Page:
Market sentiment seems to be one of acceleration then, not of Bubble. The feeling expressed by many was that there was a lot of activity in the market, a lot of business creation, a lot of enthusiasm in the industry and even confidence as people are willing to step out and take risks. At the same, no one would say “this time it’s different.” As Lou reminded us, that’s what they said before the last Bubble burst — capitalism has ebbs and flows, so there is a down after the up (I am paraphrasing.)
Valuation and the market
Our members generally agreed that the valuations of private companies in their last round does not mean those companies are worth that value. Buying preferred stock with a liquidation preference is akin to buying an option — as long as you are sitting at the top of the stack, you will get your money back and perhaps win the lottery. (My own comment: The management team, with common stock and options, has brought in the lottery players in the cap structure. If management does not hit the jackpot, they get nothing, being at the bottom of the stack…)
Buying preferred stock with a liquidation preference is akin to buying an option — as long as you are sitting at the top of the stack, you will get your money back and perhaps win the lottery.Click to tweet
What’s next for growth and valuation?
Optimism aside, everyone had the same piece of advice: take the money now as who knows when the market will turn.Click to tweet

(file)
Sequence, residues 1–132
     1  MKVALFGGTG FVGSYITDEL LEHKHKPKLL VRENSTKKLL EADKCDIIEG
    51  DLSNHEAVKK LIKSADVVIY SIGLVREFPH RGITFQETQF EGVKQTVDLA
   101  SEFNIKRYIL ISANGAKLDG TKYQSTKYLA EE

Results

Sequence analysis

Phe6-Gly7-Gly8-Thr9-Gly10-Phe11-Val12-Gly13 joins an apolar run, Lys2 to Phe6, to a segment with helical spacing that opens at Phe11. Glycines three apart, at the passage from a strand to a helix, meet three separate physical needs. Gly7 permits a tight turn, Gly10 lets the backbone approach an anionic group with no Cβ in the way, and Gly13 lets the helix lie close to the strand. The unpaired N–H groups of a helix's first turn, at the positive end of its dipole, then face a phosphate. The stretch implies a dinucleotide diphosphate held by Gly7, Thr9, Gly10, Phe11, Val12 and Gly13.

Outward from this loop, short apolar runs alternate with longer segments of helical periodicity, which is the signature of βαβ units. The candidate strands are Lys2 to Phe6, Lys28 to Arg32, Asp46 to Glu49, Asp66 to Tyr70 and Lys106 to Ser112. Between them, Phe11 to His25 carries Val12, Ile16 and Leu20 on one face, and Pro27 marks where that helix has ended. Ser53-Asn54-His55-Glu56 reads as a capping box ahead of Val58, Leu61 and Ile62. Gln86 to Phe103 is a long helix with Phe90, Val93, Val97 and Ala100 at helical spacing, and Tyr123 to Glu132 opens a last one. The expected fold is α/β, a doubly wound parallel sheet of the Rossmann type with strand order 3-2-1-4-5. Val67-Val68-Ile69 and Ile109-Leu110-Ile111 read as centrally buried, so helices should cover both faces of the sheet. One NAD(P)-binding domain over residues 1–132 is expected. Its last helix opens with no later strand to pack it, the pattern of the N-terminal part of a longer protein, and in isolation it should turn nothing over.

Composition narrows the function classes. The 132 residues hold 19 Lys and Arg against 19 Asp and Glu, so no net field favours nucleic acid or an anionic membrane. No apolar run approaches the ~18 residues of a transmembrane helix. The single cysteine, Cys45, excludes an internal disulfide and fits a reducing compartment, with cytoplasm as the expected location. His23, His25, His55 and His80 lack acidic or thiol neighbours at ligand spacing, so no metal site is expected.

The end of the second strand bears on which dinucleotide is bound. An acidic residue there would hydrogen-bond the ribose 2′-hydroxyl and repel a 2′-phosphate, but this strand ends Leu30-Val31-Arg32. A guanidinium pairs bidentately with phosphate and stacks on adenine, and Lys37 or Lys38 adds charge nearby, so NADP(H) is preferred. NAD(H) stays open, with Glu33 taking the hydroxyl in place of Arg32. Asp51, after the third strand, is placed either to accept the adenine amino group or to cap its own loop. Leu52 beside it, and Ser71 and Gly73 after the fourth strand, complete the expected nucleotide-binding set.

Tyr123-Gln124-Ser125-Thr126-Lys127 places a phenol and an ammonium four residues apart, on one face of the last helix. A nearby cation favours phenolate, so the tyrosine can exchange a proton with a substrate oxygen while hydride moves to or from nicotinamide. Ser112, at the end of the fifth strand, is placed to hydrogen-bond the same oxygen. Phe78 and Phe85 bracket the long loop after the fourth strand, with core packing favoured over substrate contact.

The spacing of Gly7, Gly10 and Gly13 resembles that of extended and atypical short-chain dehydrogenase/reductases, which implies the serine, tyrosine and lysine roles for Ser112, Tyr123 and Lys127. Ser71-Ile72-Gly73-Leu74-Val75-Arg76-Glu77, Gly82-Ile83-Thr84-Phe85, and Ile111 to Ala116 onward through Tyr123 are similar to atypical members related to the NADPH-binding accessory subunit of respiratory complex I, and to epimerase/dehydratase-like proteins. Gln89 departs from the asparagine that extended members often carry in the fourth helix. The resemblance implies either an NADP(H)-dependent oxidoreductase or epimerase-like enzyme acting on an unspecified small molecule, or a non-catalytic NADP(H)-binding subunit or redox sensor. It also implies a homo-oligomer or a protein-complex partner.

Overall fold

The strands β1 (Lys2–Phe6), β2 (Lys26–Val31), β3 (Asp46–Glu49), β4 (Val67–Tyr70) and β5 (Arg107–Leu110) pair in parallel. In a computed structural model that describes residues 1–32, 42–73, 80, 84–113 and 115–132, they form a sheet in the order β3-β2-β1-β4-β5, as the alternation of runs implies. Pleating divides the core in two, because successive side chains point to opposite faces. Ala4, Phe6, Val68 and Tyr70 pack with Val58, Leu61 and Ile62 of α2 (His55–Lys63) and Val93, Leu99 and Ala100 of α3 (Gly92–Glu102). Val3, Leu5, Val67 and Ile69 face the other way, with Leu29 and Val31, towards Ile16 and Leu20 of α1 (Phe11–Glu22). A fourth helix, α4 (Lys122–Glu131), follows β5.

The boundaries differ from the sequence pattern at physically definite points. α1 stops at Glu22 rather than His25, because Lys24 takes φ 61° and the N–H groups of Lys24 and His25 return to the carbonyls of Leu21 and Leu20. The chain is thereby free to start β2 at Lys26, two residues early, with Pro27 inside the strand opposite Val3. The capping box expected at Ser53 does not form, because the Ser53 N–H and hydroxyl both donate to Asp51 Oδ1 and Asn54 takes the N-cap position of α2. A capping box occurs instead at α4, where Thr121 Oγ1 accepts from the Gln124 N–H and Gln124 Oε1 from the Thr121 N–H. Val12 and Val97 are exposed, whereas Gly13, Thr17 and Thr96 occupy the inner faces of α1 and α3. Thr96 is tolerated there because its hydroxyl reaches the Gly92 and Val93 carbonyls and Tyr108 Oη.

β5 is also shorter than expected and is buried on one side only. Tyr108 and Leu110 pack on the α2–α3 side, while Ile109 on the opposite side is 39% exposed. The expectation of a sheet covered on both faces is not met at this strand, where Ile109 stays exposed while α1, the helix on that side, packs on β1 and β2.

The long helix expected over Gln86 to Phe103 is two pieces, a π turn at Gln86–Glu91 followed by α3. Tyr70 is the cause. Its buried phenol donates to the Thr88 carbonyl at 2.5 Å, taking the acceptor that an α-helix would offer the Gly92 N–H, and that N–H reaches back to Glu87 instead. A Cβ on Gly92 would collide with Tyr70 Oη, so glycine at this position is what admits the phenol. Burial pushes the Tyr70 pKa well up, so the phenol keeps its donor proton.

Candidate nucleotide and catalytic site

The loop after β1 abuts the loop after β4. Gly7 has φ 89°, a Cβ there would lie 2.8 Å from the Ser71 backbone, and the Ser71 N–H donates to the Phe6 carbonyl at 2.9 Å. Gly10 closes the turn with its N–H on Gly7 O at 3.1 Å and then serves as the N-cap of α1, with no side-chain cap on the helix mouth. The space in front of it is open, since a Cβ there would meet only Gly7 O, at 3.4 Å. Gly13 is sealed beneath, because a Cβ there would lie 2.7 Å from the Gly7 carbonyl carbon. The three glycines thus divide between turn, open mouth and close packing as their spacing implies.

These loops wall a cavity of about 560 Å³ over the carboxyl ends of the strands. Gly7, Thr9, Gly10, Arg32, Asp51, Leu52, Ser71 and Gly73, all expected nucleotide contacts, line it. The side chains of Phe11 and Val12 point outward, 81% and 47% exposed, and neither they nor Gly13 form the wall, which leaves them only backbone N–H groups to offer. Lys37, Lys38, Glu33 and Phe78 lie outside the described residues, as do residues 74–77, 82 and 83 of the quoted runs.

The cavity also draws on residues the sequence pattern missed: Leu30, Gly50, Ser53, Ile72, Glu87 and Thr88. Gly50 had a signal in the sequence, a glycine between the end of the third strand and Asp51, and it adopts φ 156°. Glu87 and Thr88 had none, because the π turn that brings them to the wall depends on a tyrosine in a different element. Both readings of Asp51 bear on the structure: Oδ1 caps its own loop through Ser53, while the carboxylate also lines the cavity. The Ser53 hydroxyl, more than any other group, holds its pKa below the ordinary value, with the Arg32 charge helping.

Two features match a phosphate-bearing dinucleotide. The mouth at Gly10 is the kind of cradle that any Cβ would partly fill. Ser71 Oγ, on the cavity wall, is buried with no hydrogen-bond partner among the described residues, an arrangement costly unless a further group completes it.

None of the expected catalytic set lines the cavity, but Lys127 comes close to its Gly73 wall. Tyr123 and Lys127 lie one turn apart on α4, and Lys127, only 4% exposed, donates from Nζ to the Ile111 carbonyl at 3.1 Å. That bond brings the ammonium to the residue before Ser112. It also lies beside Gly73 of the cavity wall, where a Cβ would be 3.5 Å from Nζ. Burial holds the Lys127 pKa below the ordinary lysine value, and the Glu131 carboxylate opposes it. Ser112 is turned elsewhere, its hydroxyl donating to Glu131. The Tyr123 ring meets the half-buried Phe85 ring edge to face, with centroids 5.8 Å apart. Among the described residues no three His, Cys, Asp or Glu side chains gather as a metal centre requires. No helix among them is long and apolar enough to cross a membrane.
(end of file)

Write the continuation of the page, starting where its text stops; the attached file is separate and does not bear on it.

A revealing moment came when I asked the group: “if you are the CEO, and you just heard this discussion, what is your next move?” One of our CEOs stated that he had wished to grow his business conservatively but the availability of capital exposes him to the risk that his competition will raise more money that him and that will put him at a disadvantage. I believe that the unanimous view was “take the money now.” Optimism aside, everyone had the same piece of advice: take the money now as who knows when the market will turn.
Those of us in NYC live side by side with Wall Streeters who look at us as if we were the spoiled kids on the block with a sense of entitlement — we are the innovators, we deserve to get money!Click to tweet
From my vantage point, in this my 20th year in the tech startup business, it is distressing to me that the private venture capital market is structurally irrational. Venture investing requires a suspension of disbelief and suspension of the rules by which every one else lives — cash flow and profit margins not eye balls, engagement metrics and traction. Those of us in NYC live side by side with Wall Streeters who look at us as if we were the spoiled kids on the block with a sense of entitlement — we are the innovators, we deserve to get money! Sand Hill Road is an anomaly and feeds this fantasy. The flavor of the day gets funded and probably overfunded. Overfunding leads to excessive risk taking — usually getting ahead of the market and of customer demand — to meet irrational expectations sold by inexperienced CEOs or CEO’s who are pressured to go for broke. Eventually, it blows up and the good and bad gets hurt. Is this the best way to generate innovation and to solve the problems that merit solving, meet the needs that should be met? But that will be the subject of another NetForum breakfast… 🙂